Fluid and Electrolyte Metabolism Case
A 5-day-old infant boy presents to the emergency department 30 minutes after what his mother describes as a seizure.
She states that he abruptly stiffened for a few seconds, then “his eyes rolled back.” This was followed by a period of sleepiness from which he seems to be recovering. He was born at term, there were no pregnancy or delivery complications, and he has done well since birth. On physical examination, he weighs 4.1 kg and appears to be a healthy infant. He is irritable but consolable. Shortly after an IV catheter is placed and his blood is sent for laboratory studies, he begins to seize. He is given a 0.4 mg IV dose of lorazepam, to no avail. The laboratory technician calls with a critical value: his calcium level is 5.2 mg/dL. There are no other critical values. He continues to seize.
What is the next most appropriate step in this child’s management?
A. Give another 0.4 mg IV lorazepam.
B. Give a 20 mg/kg IV loading dose of fosphenytoin.
C. Give a dose of IV calcium gluconate.
D. Repeat a blood draw for an ionized calcium measurement.
E. Give a dose of IV calcium chloride.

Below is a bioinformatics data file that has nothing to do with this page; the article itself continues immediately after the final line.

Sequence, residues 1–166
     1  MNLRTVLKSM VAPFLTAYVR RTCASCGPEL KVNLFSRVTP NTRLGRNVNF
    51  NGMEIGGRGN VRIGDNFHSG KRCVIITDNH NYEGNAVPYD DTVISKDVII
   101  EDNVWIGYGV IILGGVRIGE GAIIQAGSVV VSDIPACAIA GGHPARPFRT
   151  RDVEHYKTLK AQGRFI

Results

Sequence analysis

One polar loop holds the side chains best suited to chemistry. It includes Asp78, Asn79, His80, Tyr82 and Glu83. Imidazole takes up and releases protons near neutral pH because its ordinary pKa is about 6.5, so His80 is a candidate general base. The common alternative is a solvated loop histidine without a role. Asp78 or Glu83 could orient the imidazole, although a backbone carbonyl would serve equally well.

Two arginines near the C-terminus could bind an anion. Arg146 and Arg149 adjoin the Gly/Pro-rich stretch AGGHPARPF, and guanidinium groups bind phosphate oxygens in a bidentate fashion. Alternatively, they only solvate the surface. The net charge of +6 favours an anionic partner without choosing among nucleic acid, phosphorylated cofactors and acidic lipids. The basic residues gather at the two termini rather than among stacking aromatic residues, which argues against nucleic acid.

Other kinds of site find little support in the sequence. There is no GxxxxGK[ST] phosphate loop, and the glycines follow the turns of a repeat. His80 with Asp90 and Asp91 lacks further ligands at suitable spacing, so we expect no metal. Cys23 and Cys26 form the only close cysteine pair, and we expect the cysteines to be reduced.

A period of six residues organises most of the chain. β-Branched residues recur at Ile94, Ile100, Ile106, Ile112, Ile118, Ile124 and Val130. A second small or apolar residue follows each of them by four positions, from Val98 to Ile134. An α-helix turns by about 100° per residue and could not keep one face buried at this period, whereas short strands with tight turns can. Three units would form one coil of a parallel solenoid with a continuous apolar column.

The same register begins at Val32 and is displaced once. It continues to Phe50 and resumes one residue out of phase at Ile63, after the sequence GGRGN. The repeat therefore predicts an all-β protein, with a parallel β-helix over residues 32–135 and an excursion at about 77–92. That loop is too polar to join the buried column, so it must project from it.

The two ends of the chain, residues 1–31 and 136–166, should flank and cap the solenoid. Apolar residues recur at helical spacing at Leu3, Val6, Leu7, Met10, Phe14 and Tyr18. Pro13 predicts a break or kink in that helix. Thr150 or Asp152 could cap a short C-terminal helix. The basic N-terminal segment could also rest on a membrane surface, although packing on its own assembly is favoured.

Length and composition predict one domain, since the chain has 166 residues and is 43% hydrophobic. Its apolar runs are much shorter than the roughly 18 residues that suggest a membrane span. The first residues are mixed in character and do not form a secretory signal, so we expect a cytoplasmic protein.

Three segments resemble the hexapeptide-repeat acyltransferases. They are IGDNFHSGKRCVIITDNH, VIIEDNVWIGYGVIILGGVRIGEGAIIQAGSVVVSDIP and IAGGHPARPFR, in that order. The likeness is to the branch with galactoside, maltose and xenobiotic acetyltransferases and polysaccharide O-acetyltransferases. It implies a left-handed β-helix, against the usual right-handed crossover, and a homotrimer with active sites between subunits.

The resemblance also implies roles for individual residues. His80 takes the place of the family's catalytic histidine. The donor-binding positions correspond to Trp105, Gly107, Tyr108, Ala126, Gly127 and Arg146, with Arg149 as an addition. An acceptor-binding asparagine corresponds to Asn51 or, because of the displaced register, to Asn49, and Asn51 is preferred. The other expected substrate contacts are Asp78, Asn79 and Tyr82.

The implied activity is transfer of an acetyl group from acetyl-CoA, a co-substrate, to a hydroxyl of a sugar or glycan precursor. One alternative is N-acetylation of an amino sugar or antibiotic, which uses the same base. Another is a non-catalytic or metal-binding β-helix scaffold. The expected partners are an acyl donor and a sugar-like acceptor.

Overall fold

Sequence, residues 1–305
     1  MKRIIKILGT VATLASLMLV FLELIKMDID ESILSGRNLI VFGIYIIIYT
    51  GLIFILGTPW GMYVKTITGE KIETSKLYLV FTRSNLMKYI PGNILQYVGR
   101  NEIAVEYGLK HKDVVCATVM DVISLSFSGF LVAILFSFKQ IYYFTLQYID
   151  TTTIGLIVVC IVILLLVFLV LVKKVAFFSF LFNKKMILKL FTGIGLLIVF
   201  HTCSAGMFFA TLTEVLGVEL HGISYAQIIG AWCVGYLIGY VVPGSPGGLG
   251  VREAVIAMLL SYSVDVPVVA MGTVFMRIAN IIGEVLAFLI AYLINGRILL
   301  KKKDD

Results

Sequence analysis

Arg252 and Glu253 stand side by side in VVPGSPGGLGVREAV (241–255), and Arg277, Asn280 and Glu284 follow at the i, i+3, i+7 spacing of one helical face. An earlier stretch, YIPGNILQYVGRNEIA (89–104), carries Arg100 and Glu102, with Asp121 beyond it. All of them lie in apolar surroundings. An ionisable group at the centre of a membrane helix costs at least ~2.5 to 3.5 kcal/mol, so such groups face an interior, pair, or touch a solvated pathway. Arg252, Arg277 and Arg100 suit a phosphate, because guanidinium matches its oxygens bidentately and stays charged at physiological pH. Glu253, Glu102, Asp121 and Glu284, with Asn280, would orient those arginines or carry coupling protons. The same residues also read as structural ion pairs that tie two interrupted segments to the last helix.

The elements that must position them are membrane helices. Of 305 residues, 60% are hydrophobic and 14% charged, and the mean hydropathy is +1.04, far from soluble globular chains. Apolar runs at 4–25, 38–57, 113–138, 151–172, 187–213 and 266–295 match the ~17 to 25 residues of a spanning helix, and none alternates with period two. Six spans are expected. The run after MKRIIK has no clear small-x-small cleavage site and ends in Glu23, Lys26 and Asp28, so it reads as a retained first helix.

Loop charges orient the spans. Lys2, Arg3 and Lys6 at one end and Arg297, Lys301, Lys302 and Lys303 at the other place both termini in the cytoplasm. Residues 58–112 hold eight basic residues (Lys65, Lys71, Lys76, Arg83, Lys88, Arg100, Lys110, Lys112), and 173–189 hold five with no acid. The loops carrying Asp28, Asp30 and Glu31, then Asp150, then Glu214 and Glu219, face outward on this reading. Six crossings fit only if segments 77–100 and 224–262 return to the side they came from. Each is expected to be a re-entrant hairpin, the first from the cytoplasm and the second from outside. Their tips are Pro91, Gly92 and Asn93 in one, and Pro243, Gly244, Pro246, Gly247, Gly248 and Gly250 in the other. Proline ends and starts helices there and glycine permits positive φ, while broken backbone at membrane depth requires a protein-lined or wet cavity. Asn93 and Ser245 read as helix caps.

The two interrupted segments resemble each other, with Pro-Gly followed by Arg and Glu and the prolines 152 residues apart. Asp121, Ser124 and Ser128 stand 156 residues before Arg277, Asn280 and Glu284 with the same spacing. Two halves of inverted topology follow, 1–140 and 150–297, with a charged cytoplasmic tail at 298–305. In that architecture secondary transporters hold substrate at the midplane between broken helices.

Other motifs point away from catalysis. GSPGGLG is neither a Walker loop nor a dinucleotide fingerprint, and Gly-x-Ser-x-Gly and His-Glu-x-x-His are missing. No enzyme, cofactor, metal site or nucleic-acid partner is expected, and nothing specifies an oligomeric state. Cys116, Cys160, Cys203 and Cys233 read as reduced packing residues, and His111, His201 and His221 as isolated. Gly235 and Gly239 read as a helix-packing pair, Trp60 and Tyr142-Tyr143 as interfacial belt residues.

The correct answer is “C.” Although giving another dose of lorazepam or a loading dose of fosphenytoin are appropriate therapies for a seizing child, this infant’s seizure is most likely caused by hypocalcemia. The treatment of choice for a newborn with symptomatic hypocalcemia (seizing, irritable, or both) is 100 mg/kg of IV calcium gluconate given over a 10- to 20-minute period. Seizures resulting from hypocalcemia are unlikely to stop until the serum calcium level has been normalized. IV calcium chloride would be appropriate if it was more readily available than calcium gluconate, but calcium chloride is less desirable given a greater propensity for venous and local tissue destruction. The ionized calcium level is a more accurate measure of the physiologically active form of calcium in the serum, but given a markedly low calcium level in an actively seizing newborn, the next best step in management would be to administer calcium intravenously in an attempt to stop the seizure. Confirming that the infant’s calcium level is indeed low is necessary, but given the presented information it would be reasonable to assume that his measured calcium level was accurate and to proceed accordingly. If the infant was not symptomatic, an ionized calcium measurement would be the next step. Do not forget to investigate why the infant is hypocalcemic after you stop the seizure. Acute-onset hypocalcemia can cause seizures, as in this infant, along with a range of clinical manifestations.